Those recommendations of the commission which require further consideration by high-level representatives of Member Governments are being referred to the next FAO regional conference to be held in Lebanon in August 1962.
In connection with his attendance at this session of the Near East Forestry Commission, the Director of the Forestry and Forest Products Division of FAO visited the poplar research institute at Izmit, which had earlier been formally opened, before going to Ankara to sign the plan of operations for the United Nations Special Fund project to expand this institute, and to negotiate the second phase of the Antalya pre-investment survey project. Subsequently he inspected the Near East forest rangers' school at Lattakia, Syria, and held discussions with the authorities in that country and Lebanon on other pending field projects. In the United Arab Republic he had further negotiations on field projects: one promising project relates to an expansion of the pulp and paper industry based on bagasse, and another to desert reclamation along the coastal strip between El Alamein and Alexandria. He visited the experimental desert farm of the FAO regional representative near Cairo. Earlier in March, Dr. Glesinger had, with other FAO staff, negotiated further phases of the Special Fund integrated development projects in Morocco and Tunisia.
The Director, Manuel Muñoz (left center) and the FAO Project Manager, Lars A. Hartman (right center), taking over jeeps contributed by the Special Fund of the United Nations through FAO to the Chile Institute for the Development of Forest and Forest Industries. Manuel Muñoz was awarded an FAO fellowship in 1958 to study forest industries in Europe and North America. Lars Hartman served under FAO's technical assistance program in Chile from 1951 to 1957. Horacio Recart (right) Chief of the Training and Information Section of the Institute, was on the staff of the Forestry and Forest Product Division from 1949 to 1958.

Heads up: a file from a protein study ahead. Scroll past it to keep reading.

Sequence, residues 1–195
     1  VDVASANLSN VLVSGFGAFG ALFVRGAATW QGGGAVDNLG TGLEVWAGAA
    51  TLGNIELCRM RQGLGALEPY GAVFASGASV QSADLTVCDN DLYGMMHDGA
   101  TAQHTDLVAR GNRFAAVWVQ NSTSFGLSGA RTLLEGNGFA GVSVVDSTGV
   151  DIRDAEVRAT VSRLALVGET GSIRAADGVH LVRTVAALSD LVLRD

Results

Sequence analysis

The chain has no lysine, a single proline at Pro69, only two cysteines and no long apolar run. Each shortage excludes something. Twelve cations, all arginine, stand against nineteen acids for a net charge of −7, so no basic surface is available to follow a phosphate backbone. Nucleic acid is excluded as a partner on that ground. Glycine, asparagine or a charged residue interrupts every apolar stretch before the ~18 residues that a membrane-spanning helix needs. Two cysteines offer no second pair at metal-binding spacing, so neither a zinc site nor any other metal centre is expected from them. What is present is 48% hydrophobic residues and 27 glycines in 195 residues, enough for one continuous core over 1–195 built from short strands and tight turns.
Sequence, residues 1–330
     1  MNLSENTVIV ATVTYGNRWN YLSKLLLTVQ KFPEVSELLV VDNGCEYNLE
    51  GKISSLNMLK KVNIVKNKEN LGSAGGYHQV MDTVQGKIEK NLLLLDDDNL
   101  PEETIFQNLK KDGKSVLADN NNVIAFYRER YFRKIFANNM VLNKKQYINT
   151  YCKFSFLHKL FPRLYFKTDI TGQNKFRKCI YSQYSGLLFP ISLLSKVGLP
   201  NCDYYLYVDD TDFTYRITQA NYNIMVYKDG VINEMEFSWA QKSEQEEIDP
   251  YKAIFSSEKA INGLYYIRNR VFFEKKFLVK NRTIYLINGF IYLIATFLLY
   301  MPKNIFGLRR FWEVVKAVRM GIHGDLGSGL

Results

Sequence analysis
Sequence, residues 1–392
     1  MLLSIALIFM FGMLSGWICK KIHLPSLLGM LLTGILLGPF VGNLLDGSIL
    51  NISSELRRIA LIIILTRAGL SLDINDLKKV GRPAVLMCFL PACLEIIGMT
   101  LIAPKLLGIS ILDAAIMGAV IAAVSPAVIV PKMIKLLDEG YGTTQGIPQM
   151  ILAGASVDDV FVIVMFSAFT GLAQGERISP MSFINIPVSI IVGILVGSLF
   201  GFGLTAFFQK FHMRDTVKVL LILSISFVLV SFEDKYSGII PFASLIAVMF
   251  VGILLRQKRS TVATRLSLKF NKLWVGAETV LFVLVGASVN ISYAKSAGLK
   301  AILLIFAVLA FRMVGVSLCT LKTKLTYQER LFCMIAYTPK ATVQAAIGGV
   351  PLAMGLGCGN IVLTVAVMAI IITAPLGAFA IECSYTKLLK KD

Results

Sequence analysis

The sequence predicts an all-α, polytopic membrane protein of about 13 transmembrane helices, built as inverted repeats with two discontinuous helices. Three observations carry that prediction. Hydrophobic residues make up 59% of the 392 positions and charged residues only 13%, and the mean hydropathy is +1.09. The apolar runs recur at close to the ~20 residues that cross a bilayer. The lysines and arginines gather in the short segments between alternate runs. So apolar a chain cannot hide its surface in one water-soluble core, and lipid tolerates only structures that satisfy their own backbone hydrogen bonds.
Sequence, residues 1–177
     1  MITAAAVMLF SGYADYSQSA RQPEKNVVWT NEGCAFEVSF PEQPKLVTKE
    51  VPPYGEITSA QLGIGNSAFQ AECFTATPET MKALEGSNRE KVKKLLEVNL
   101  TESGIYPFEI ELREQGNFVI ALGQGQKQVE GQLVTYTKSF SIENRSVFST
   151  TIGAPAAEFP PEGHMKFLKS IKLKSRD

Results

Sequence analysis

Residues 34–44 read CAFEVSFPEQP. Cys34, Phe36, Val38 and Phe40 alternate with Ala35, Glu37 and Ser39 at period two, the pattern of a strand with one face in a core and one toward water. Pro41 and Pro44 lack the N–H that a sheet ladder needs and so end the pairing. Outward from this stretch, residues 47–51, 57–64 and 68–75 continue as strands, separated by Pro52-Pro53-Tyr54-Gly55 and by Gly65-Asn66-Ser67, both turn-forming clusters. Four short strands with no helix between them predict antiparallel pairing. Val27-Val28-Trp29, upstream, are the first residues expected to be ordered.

The third session of FAO's Advisory Committee on Pulp and Paper was held at FAO Headquarters 11-13 April 1962 under the chairmanship of R. M. FOWLER, President of the Canadian Pulp and Paper Association. Members of the committee also participated in the second meeting of the contributors to the Trust Fund for the special study, Pulp and paper trends and development prospects in Europe, on 12-13 April. The contributors are pulp and paper associations of Argentina, Austria, Canada, Chile, Finland, France, Germany (Federal Republic), Italy, Norway, Sweden, the United Kingdom and the United States.
The work of the Advisory committee was mainly concentrated on reviewing the past years' work of FAO in the field of pulp and paper, and on discussing the future program. It became clear that, owing to lack of staff, all the tasks committed to FAO could not be carried out concurrently and there would be delays on some projects.
The preliminary findings of the special study on Europe which is being directed by A. SUNDELIN, indicate a surplus capacity for paper and pulp in western Europe by 1965 but increasing shortages of raw materials after that date. The contributors expressed the view that the study was progressing satisfactorily and that the findings so far were of great interest. The study will be completed next year.
The next session of the advisory committee and of the contributors to the Trust Fund is set for 4-6 April 1963
Although it has only been in existence for two years, the Near East forest rangers' school at Lattakia, Syria (Figure 1), has already justified the perseverance of those who worked hard to bring it into being. The 16 students from five countries (Iraq, Jordan, Sudan, Syria, United Arab Republic) who made up the first class, passed their final examination in August 1961 and have now returned to their home countries. A senior class of 20 students and a junior class of 24 students from six countries are at present studying at the school, including three Palestinians awarded scholarships by UNRWA.
The formative years of the school were directed on behalf of FAO by O. A. BADRAN (U.A.R.) and it is now directed by A. H. HILWA, former Director of Forestry in Syria. The teaching staff is being strengthened by university-trained specialists and experienced foresters from different Arab countries. In addition, occasional lectures are given by visiting high-level foresters from countries in the region.
The school is well equipped (Figure 2) for theoretical training and the students receive practical training in nearby forest districts (Figure 3). The course of studies includes a period at a summer camp (Figure 4). A demonstration forest nursery has also been established adjacent to the school (Figure 5), and a pilot sawmill is shortly to be installed.